When you compare yourself to colleagues… what happens? Do you feel that you should do more, should work more hours, work harder and faster to keep up? Chances are high you feel this way, probably most of the time. Especially in a competitive environment like academia which is built around fierce competition for scarce funding or jobs, you might find yourself comparing so much. Comparison triggers feelings of not being good enough. Comparison adds to the stress that is already so high in academia.
You might say…but comparison might help me push through, go forward, do more, go faster. My question is does it? Because if it is true then by all means use comparison as a motivating force.
But before you conclude that comparison helps you, check in with yourself when you are comparing yourself to that colleague, or the group of colleagues.
How does comparison really make you feel?
How does it make you feel- does it indeed give you new energy and motivation that propels you forward? Or are you more like me and like a lot of my clients…
When I start comparing myself to competitors, other entrepreneurs and coaches who seem to be more successful, it does not propel me forward.
What happens instead is this
- I feel that I am not enough somehow
- I feel insecure- am I even cut out for this kind of work?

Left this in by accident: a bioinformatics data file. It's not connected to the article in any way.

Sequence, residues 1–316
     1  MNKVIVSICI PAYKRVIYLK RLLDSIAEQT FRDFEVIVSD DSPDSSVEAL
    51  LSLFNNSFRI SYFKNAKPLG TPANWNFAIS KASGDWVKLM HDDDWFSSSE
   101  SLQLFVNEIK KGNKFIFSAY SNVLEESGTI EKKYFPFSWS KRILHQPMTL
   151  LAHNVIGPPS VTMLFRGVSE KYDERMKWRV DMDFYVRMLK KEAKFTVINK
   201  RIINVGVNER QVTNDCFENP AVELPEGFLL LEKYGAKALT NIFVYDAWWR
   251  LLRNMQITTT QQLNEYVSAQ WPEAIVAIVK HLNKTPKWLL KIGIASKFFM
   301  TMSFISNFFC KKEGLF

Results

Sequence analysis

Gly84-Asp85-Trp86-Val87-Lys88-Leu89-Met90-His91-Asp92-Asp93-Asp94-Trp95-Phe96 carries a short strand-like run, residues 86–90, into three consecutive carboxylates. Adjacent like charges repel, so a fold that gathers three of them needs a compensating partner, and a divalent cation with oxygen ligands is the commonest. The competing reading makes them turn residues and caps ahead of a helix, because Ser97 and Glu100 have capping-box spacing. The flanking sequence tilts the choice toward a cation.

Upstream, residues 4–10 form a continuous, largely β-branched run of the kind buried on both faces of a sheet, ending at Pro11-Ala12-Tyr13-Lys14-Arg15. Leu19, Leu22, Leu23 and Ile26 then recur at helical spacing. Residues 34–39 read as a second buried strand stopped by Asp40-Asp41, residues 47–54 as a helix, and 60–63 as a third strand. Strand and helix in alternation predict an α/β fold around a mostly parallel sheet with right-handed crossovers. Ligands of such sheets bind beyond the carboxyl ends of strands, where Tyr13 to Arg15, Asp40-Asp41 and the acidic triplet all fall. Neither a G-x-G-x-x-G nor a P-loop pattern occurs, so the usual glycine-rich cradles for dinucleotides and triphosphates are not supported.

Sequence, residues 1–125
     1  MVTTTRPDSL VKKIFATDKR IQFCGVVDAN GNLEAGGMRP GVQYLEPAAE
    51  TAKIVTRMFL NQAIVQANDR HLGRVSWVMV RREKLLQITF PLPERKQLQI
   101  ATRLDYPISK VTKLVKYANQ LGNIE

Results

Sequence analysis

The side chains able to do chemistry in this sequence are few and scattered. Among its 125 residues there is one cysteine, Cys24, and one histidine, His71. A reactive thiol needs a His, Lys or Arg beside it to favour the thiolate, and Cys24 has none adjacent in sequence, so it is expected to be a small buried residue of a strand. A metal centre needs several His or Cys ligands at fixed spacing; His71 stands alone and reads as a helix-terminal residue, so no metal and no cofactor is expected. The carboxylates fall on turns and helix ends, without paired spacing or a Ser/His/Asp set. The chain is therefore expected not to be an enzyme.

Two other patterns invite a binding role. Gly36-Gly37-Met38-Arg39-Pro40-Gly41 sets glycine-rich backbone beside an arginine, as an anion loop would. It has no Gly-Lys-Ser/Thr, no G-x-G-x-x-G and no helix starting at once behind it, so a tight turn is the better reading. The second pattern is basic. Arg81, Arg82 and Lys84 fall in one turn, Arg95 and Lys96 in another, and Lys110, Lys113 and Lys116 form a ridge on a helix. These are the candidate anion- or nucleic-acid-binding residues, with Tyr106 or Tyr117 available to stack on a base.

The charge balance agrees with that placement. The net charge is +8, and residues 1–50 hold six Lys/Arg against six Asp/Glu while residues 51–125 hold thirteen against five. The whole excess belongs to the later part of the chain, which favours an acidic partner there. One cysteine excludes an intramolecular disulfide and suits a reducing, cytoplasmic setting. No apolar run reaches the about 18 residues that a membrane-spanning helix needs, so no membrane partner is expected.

- My hears starts pounding and I feel agitation, chased somehow, stress…what can I do or should I do now to close the gap between me and my competitor, as quickly as possible.
- Or I feel blocked- because of the fear of not being enough
When I am feeling this way I cannot work creatively, effectively, or efficiently. The opposite happens.
Stay in your own lane
When you start comparing you will always find people who seem to be better or more successful than you. And there will always be people who are less successful than you.
Comparison won’t help you to make your best, unique contribution in this world. Comparison kills joy, creativity and energy and hence it will make doing your best work more difficult!
So instead take the advice of Brene Brown: “Stay in your own lane”.
How to do that practically?
Don’t look at everyone driving in the other lanes. Just focus on your own lane and ask yourself at the start of your day:
- How can I deliver my best work today?
- What action will have the biggest impact today?
And go and do that- just focusing on your unique, best work.